Opinion by Ilana Preuss for Governing.com | February 14, 2023

Due to racial bias and other disparities, too often they aren’t “bankable” and struggle to obtain loans essential for their success. Some programs are leading the way in achieving more-equitable outcomes.


Since the racial reckoning began to spread across America in 2020, state and local governments have issued statements, created commissions, added positions and in some cases even passed laws and ordinances to address inequities. Many of these have focused on disparities in health, housing and policing — understandably so. However, disparities are equally problematic in small-business development, and community development practitioners have an obligation to move beyond commitments and toward action to support a greater diversity of small-business owners.

A major impediment to bridging this gap is the disparity in funding for small businesses. Now more than ever, municipal governments need to step into small-business lending to right the wrongs of the past and help business owners who’ve been excluded from investment and opportunities. It’s a worthy effort that should be strengthened and supported in urban and rural communities alike.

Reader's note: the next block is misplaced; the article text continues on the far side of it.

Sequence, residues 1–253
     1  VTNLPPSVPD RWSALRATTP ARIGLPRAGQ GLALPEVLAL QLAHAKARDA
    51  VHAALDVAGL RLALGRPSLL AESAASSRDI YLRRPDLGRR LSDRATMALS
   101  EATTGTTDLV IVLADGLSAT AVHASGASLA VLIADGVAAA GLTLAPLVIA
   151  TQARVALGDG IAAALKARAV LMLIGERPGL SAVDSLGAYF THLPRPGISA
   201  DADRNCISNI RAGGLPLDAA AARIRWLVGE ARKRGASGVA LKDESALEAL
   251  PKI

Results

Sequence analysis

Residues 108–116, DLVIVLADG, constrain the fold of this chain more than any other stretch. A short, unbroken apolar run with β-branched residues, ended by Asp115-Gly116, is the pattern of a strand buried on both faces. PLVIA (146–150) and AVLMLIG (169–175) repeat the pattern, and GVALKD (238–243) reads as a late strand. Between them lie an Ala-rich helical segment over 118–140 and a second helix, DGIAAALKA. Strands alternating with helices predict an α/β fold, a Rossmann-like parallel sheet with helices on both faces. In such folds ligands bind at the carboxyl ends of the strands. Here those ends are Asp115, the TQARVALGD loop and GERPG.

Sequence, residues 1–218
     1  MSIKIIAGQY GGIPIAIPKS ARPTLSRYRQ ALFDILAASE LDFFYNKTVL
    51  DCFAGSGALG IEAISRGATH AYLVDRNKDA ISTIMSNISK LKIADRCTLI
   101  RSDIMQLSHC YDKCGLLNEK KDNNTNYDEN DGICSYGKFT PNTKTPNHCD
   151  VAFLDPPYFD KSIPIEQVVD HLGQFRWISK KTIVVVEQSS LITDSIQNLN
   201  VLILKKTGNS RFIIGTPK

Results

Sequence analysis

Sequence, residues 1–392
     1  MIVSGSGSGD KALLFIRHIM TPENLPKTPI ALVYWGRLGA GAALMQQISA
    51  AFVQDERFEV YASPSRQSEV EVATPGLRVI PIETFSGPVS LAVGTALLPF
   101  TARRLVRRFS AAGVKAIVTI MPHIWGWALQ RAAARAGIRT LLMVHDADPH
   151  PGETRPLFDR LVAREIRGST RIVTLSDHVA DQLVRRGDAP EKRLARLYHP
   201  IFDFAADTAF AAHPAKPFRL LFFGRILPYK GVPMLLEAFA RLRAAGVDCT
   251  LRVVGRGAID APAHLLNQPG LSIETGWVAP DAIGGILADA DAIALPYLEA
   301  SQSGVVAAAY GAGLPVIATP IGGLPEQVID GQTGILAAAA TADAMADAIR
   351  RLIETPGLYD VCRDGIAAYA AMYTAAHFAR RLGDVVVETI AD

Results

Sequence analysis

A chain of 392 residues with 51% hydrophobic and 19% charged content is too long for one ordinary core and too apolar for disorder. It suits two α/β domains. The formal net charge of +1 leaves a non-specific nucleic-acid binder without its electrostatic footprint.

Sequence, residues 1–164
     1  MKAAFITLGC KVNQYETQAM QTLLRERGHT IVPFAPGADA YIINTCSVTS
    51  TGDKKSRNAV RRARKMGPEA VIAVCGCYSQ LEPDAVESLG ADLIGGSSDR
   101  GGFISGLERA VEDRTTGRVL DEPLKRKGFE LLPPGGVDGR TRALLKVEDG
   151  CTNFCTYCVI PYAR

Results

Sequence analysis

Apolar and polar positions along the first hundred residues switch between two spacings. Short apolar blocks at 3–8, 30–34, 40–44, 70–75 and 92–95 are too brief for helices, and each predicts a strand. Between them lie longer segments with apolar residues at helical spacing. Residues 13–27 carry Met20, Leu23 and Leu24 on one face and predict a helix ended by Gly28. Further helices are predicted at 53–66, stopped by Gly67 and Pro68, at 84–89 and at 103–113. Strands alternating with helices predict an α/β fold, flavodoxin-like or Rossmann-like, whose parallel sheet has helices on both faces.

The U.S. Economic Development Administration’s Revolving Loan Fund (RLF) program is an essential tool in supporting this transition. With $950 million currently funded through the RLF program across 500 local, regional and state funds and community development financial institutions — $700 million of that invested since March 2020 — this program and the local leaders distributing these funds serve a key role in meeting the needs of local business owners where traditional banks won’t.

There are many challenges to reaching community members who have never received or even applied for a small-business loan and who may not be “bankable” by private-sector standards. In working with more than 120 RLF-recipient small-business lending programs through the Equitable Lending Leaders program created by Recast City and the Institute for Local Self-Reliance, three barriers stand out: First, there is broken trust across our communities resulting from injustices in combination with a lack of relationships across racial, ethnic, gender and rural divides. Second, there is a lack of knowledge about local or regional RLF programs that can help small businesses with lending and technical assistance in the absence of a willing bank. And third, many lending programs defer to banks to bring them into a loan deal to provide gap financing and reduce the risk to the bank, which perpetuates any bias on the part of the bank.

Thankfully, a number of municipal governments and statewide programs are leading the way on how to achieve more-equitable outcomes with their small-business lending.

Read the rest of the article at Governing.com.